Justices to Hear Abortion, Integration Cases
October 1, 2006
'Partial-Birth' Procedure and Schools' Race Policies to Dominate Court's Agenda, ; A06
By Charles Lane
Abortion and race dominate the Supreme Court's agenda for the term that begins tomorrow, with the Bush administration and its conservative allies urging the justices to put limits on abortion rights and affirmative action.
Conservatives want the court to uphold a 2003 federal law banning the procedure opponents call "partial-birth" abortion, and to strike down local integration policies that distribute students by race. They are asking the court not only to rule in their favor, but to limit -- or, possibly, overrule -- recent constitutional decisions that have drawn heavy fire from the right.
The conservative push on social issues is just what Democrats and liberals, concerned about the future of Roe v. Wade , the 1973 case that recognized a right to abortion, warned against during confirmation hearings for the two Bush appointees now on the court -- Chief Justice John G. Roberts Jr. and Justice Samuel A. Alito Jr.
In response, Roberts and Alito pledged to take due account of stare decisis , the rule that says the court should avoid overruling past decisions.
So this term will be closely watched not only for the results the court reaches, but for how it reaches them.
"They don't want to make it look as if the only reason for change is that there are different people here," said Michael J. Gerhardt, a professor of law at the University of North Carolina. "They'll want to make it clear that principles and not politics dictated the outcome."
When the court takes up the federal abortion law, it will be considering a statute that was passed by a large majority in Congress and signed by Bush in 2003 -- and then struck down by every lower federal court that has considered it.
The lower courts ruled that the law is incompatible with a 5 to 4 ruling by the Supreme Court in 2000 that held that a similar state law, from Nebraska, was unconstitutional.
In that case, known as Stenberg v. Carhart , the court said the statute could be read to prohibit other procedures and lacked an exception to protect a mother's health, creating an "undue burden" on the right to abortion first recognized in Roe.
The Republican-controlled Congress included an exception to save a mother's life. It did not permit any other exception, however, based on its finding that none could be medically justified.
If the court wants to uphold the federal law without overruling a precedent that is only six years old, it could say that it is bound by Congress's factual findings, which distinguish the federal law from the Nebraska one.
That is the course urged by the Bush administration in its brief, which speaks of "the long-standing principle that Congress is better equipped than courts to make factual findings that inform the constitutionality of federal statutes."
But, the administration brief continues, to "the extent that the Court concludes that Stenberg compels the conclusion that the Act is facially invalid . . . Stenberg should be overruled."
In a brief on behalf of several doctors challenging the ban, the Center for Reproductive Rights told the court that it owes Congress no deference on issues of medical practice, and that the administration's suggestion that Stenberg may be overruled "demonstrates an inadequate regard for the societal values held safe by the principles of stare decisis ."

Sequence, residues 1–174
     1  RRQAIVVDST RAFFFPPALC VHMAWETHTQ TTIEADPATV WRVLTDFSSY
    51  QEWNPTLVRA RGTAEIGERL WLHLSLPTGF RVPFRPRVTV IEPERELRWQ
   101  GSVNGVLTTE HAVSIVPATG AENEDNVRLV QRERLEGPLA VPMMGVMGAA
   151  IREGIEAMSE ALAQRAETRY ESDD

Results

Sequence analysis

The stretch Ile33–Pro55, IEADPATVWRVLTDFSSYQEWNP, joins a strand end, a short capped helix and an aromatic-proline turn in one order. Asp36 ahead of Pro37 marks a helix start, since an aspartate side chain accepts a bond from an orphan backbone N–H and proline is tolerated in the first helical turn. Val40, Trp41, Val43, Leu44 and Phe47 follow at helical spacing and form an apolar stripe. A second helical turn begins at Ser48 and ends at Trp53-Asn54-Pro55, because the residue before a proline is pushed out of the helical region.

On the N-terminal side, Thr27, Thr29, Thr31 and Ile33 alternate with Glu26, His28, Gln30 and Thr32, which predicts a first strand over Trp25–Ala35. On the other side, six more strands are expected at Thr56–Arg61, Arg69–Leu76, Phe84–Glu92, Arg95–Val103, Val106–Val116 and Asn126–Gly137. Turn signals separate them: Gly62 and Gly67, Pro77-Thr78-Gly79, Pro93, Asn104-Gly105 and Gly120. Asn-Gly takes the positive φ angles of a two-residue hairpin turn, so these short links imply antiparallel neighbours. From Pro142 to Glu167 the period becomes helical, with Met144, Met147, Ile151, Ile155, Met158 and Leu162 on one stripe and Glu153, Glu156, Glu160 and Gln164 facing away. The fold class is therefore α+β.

The decision to rule on "partial birth" abortion despite the absence of disagreement among lower courts was expected: The court usually reviews lower-court decisions holding federal laws unconstitutional.
Taking up race-conscious public school assignments was a surprise, however. The justices had turned down a similar case a few months earlier, when Sandra Day O'Connor was still on the court.
O'Connor wrote the court's opinion in a 5 to 4 case upholding race-conscious admissions in higher education.
But after Alito replaced her, the court spent almost two months discussing the public school issue before deciding in June to hear it.
At issue are voluntary school integration plans in Seattle and in Louisville, Ky.
In Seattle, where authorities seek to overcome what they say are segregated housing patterns, students can choose to attend any high school in the city, but some are oversubscribed.
To determine who gets in, officials deny admission to new students whose race would tip an oversubscribed school's population more than 15 percentage points outside a 60-40 nonwhite-white balance.
In Louisville, which was under court order to desegregate until 2000, the policy applies from first grade through high school and aims to prevent any school from falling below 15 percent black or exceeding 50 percent black.
In both cities, white parents whose children were not allowed into the schools of their choice sued, alleging that the policies were unconstitutional.
Lower courts ruled in favor of the schools, citing O'Connor's 2003 opinion, which said that diversity could be a strong enough government interest to warrant the use of race as a factor in allocating places in the University of Michigan's law school.
Several conservative legal organizations are urging the court in friend-of-the-court briefs to use the Seattle and Louisville cases to overrule the three-year-old Michigan decision.
But in their briefs, the white parents and the Bush administration, which supports them, do not urge overruling the Michigan case -- which caused deep internal divisions over affirmative action within the administration.
Instead, they tell the court that the public school plans are different because they are not true efforts at diversity but, as the administration brief puts it, "outright racial balancing," which the court has disapproved in other cases.
© 2006 The Washington Post Company